Also, the load distribution is broader on the Tesla disk than on the high-aspect-ratio turbine blade. Less stress concentration.

Lesser mechanical loading means the wheel can take greater heat without breaking apart, given the same material.

Of course, the problem is much more complex than that, but this should nevertheless roughly hold true. Unless I am badly wrong in some detail.
Cheers
Mark Stacey
www.cncprototyping.co.nz

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Re: re: Gas (Tesla) Turbine started

Post by Bruno Ogorelec » Wed Dec 13, 2006 11:33 pm

marksteamnz wrote:The mechanical stress ins't the problem. The one GT Tesla I've seen suffered from heat distortion. Big flat disk heat just a little bit unevenly and Opps! it's a potato crisp.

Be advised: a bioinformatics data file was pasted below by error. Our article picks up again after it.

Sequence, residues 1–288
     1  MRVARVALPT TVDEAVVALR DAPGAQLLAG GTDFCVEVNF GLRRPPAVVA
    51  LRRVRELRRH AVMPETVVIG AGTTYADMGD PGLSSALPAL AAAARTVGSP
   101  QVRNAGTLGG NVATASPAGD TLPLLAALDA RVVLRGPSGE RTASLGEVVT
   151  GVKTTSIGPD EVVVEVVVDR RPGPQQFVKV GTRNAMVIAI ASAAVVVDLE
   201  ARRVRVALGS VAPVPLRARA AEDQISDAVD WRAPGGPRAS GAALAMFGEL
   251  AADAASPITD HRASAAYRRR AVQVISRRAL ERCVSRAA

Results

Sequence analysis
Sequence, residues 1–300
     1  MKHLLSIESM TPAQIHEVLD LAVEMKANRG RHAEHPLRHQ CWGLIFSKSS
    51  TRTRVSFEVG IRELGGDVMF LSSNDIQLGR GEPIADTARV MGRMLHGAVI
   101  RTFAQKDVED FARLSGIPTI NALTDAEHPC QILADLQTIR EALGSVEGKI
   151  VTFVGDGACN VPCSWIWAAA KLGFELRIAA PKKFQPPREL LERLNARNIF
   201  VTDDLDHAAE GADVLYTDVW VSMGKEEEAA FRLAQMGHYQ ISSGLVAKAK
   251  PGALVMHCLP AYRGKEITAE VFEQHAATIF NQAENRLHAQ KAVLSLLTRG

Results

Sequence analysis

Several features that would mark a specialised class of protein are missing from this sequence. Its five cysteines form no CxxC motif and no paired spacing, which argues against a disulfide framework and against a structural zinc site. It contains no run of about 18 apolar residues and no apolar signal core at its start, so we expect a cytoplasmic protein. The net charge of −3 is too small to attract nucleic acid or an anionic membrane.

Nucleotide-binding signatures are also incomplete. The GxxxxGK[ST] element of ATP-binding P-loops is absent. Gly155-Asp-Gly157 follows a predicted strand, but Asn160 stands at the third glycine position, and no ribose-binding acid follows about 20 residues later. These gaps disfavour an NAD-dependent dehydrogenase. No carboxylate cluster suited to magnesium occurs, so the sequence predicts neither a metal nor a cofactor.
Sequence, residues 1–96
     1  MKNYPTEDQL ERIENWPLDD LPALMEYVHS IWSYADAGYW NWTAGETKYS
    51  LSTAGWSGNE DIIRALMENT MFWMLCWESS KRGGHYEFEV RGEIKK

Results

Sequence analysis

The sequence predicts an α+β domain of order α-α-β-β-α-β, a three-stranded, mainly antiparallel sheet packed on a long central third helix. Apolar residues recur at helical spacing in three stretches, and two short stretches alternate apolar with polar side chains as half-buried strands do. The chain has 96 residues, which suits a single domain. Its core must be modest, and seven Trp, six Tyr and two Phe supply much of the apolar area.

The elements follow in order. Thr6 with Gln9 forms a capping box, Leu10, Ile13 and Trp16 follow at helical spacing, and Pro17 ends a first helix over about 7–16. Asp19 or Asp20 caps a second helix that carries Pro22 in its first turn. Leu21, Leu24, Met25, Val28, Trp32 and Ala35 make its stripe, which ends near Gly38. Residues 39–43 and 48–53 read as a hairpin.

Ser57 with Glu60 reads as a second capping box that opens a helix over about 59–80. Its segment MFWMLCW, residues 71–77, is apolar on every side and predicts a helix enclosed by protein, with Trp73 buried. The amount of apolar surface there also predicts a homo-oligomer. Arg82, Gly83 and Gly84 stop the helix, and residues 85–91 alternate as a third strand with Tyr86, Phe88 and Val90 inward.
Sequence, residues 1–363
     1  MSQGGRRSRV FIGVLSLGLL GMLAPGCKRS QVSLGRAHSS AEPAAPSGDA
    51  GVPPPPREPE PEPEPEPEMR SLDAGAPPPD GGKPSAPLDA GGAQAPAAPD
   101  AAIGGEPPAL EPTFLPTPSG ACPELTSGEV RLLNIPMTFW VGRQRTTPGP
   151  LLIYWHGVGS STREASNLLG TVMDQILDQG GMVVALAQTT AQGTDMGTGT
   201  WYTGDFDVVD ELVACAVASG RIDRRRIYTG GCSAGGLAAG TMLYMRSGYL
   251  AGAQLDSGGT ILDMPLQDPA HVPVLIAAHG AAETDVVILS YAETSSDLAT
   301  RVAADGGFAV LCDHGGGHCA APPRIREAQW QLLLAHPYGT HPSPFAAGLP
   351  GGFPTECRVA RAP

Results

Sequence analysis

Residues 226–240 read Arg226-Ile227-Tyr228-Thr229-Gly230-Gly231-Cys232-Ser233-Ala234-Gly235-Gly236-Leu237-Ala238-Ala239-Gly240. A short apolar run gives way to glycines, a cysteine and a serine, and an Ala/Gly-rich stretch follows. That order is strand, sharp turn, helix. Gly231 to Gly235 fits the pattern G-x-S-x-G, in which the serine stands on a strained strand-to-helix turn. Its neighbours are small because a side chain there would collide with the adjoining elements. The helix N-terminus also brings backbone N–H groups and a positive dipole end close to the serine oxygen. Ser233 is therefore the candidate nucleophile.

Ah, so it has to be made dimnsionally stable. I was under the (apparently wrong) impression that the centrifugal loads might help keep it flat.

So, you have to provide expansion slots etc. Which gets you back to the same problems conventional turbine wheels have. There ain't no such thing as a free lunch, I guess.

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re: Gas (Tesla) Turbine started

Post by Kakeman » Thu Dec 14, 2006 4:19 pm

keyword is titanium :P

And some fuels burn colder

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re: Gas (Tesla) Turbine started

Post by Nick » Wed Dec 20, 2006 12:23 pm

mark do you know what material the GT Tesla discs were made from?
i plam to make them from either 316 or 304 stainless which are reasonably dimensionally stable under heat/load.